Another interesting thing happened to K, who discovered that the last 13 water color paintings in the exhibit depicting scenes from famous "Heike" tales (Heike is another name for the Taira clan which held high offices in the 12th century and clashed with other clans such as the Genji), were done by one of her favorite artists. She did not realize it first because she did not know that he did this kind of art. He is world famous for illustrated children's books. The artist? Mitsumasa Anno - author and illustrator of "Anno's Mysterious Multiplying Jar", "Anno's Journey", and many others. These paintings were really exquisite and K has ordered a book about them.

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A pair of Pintail Ducks (Anus Acuta)

Next month the cherry trees that line the paths by Lake Senba will be in bloom. I'm looking forward to going back for a stroll around the lake.


J. Apricot said...

Pretty photos, especially I like the pic of pink ume blossoms on a white ume tree.

There are a lot of stories about the members of the Heike clan who survived the defeat. They interest me.

YD said...

Neat! I agree with you.

From your post, I can imagine the mesmerizing experience of appreciating the delicate works of the artists. Personally I somehow always feel a sense of being transported back in time, into the paintings, when I stared at the paintings long enough. I wonder whether you feel the illusion slightly as well?

The Grotto of Port-Domois is done so beautifully. Painting water is one of the hardest skill, and he did it with such skills!

and ahh... Heike tales! It is interesting to appreciate the narratiave style of the Heike and its presence in Japanese art and drama. Did you do another post about it? If not I would be waiting excitedly for your future post! :-)

Thanks so much for sharing the beauty in life.

Happysurfer said...

Dear Pandabonium, yet another wonderful post. Thank you. The first picture looks like an impressionist painting itself. Great photography there. And the piece by Monet is simply breathtaking. Imagine being there in person taking in the view. Must be an awesome experience!

Japanese paintings are fascinating to me for their detail and colours. They exude a certain softness. Nice. Thanks too for the background info.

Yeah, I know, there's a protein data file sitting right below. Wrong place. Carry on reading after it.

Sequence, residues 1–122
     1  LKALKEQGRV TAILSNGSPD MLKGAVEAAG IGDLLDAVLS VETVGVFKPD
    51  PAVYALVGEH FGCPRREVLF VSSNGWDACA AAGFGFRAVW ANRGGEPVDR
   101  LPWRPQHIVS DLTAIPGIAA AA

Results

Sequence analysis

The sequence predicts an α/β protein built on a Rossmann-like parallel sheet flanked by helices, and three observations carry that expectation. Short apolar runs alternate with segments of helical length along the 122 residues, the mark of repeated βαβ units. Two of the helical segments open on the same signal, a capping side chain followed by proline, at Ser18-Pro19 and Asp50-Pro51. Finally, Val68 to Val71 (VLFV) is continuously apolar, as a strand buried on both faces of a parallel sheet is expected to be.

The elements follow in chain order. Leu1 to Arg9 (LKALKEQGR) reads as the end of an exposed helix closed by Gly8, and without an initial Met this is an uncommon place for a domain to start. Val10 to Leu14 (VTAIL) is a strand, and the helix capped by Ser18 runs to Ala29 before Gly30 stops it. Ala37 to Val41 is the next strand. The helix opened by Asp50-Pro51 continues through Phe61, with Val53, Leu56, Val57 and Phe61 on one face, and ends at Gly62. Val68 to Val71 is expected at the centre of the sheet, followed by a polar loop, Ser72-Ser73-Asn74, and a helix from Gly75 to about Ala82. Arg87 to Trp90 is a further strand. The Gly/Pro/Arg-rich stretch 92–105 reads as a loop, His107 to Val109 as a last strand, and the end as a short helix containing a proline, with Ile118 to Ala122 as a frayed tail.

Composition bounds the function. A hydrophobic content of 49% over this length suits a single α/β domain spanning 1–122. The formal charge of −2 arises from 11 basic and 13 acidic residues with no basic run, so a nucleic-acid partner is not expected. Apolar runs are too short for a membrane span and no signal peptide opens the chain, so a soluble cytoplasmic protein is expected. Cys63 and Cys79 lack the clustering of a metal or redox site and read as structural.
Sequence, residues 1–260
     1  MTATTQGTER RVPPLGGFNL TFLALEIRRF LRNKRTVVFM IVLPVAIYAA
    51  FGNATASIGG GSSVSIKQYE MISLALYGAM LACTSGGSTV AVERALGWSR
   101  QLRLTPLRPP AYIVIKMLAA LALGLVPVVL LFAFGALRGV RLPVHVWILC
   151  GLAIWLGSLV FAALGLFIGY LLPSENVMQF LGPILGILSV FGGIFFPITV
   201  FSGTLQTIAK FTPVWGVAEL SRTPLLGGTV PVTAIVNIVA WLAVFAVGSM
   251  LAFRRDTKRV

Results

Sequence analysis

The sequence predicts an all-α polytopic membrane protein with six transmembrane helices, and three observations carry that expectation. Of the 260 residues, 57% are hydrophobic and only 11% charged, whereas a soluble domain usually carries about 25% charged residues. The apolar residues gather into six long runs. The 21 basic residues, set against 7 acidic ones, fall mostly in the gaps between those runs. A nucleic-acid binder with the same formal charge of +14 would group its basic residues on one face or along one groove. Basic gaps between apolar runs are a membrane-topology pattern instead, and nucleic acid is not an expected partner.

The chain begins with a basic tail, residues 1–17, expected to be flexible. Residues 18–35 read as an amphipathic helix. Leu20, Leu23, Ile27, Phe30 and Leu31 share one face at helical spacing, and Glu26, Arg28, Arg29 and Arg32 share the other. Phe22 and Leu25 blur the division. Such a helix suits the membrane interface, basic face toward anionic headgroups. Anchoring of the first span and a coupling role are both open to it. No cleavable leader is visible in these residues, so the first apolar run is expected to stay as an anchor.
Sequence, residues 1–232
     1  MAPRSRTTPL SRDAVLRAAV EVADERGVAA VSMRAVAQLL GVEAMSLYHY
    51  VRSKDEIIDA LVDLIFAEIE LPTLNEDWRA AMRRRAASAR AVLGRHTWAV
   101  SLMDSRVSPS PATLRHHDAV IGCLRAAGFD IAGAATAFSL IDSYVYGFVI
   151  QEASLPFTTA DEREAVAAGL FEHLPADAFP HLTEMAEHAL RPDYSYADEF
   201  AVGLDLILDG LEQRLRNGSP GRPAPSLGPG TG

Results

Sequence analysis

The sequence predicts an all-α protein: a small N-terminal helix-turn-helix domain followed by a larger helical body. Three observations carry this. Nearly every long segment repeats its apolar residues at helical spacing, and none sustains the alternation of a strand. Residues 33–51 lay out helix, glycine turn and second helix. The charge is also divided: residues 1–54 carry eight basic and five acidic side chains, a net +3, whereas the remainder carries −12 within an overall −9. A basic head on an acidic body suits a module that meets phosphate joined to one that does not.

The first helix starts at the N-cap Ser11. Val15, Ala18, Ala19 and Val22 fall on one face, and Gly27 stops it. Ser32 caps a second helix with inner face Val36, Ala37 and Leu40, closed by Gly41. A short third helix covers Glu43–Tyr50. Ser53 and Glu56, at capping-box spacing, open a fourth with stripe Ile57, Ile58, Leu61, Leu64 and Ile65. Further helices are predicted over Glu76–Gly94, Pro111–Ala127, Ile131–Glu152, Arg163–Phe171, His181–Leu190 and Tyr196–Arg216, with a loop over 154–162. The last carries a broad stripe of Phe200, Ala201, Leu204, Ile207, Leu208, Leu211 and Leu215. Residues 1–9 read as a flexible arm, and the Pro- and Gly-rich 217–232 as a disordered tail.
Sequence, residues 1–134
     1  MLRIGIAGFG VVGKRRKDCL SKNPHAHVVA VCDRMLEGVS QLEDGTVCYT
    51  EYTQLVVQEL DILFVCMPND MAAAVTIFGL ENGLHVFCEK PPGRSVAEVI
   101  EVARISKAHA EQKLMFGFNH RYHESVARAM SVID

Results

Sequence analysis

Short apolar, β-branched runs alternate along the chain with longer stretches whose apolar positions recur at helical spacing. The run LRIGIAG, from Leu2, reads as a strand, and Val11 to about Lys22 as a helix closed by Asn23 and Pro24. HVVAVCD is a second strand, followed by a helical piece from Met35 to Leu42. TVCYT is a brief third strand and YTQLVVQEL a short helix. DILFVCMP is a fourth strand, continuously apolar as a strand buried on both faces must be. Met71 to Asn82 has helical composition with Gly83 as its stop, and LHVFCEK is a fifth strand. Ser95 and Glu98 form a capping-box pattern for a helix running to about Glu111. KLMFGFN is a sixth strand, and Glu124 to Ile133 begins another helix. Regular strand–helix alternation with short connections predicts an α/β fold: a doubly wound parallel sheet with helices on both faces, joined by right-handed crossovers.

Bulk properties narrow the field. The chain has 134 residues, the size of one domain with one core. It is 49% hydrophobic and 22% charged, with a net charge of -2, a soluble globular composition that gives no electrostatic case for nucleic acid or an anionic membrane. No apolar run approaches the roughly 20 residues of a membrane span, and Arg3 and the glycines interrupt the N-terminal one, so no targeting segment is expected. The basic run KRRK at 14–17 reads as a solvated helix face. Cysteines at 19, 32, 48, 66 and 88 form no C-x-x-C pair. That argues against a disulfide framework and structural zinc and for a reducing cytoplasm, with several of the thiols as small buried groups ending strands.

Your observation of the two scrolls is very interesting. I believe art also comprises clever placement of the pieces. "Less is more" is an intriguing perspective, applicable to many aspects of life itself.

That's an enchanting view of Kobuntei villa from a distance. I didn't realise the lake is this big.

Pink apricot blossoms on a white tree reminds me of the ugly duckling in that something odd can turn out to be something beautiful. Nature's own little prank, perhaps? A pretty picture.

Thank you again.

Pandabonium said...

j.apricot, perhaps the heroism of the Heike as they lost in battles is the basis for Japan's tradition of paying special homage to military losers throughout history.

YD, I didn't get a feeling of going back in time, but I did think of what it was like to be at that cliff and see the shifting light and colors in the water.
I haven't posted about the Heike - other than the post I referenced. Perhaps I'll do one when K's book of Anno's paintings arrives.

Happysurfer - glad you liked the photos. The museum does has beautiful architecture and landscaping and the setting on Lake Senba is perfect. The pink and white tree was no doubt produced by grafting. I don't know about such things. Sure was beautiful.
Thank you!

FH2O said...

I too have not seen the The Grotto of Port-Domois by Monet before and it's simply amazing to look at even at that 'thumbnail' scale. Alas it didn't enlarge when I clicked on it!

Pandabonium said...

Sorry FH2O - I have been searching for a decent picture of it, but all the large ones I've come across are flawed by the lighting they were made under which created white reflective dots all over the picture - ruining it. If I find a good one, I'll post it.

thanks for dropping by.

The Moody Minstrel said...

So you had the pleasure of meeting Tod, eh? Was he wearing his trademark bowtie? He and I sometimes play together in a Dixieland combo. (In fact, he invited me to play on Saturday, but I couldn't because of Seishin's big concert on Sunday. Maybe that ticket he gave you was originally intended for me!)

With all this talk about the war between the Heike (Taira) and the Minamoto (Genji), which led to the latter setting up the first of Japan's shogunates, one commonly misunderstood point should be mentioned. The names "Genji" and "Minamoto" (both written the same way in kanji) were generic, artificial clan names given to sons of the imperial family that were later declared to be commoners (usually because the mother wasn't favored for one reason or another. For more info, read the Tale of Genji). However, they still maintained ties to the emperor and were usually still quite loyal to him. The fact of the matter is that the Minamoto clan fought to defend the current emperor from the Heike, who were threatening to overthrow his line and replace it with their own. After the Minamoto won, the emperor asked them to administer the country on his behalf because he no longer had the means to do it. Every new shogunate that followed over the centuries from that time onward claimed to be ruling in the name of the emperor (while often bullying him into giving them his blessing) until the Meiji Restoration at the end of the 19th century, when direct imperial rulership was restored.

So you see, the emperor was never really overthrown. He just had some pretty arrogant regents! ;-)

Pandabonium said...

MM - Tod wasn't wearing a bow tie. He had been conducting a workshop and had been giving out tickets at that, so had some left over. It was the last day of the exhibit.

Thanks for the Heike info. Most interesting.

agus said...

I love The Groto as well! It looks almost 3D, real and alive!

Robin said...

Spring is coming.. and this weekend is the Sakura Flower weekend, if my memories are correct.

Nice pics.. I like the pair of Pintail Ducks The name Anus Acuta sounds weird..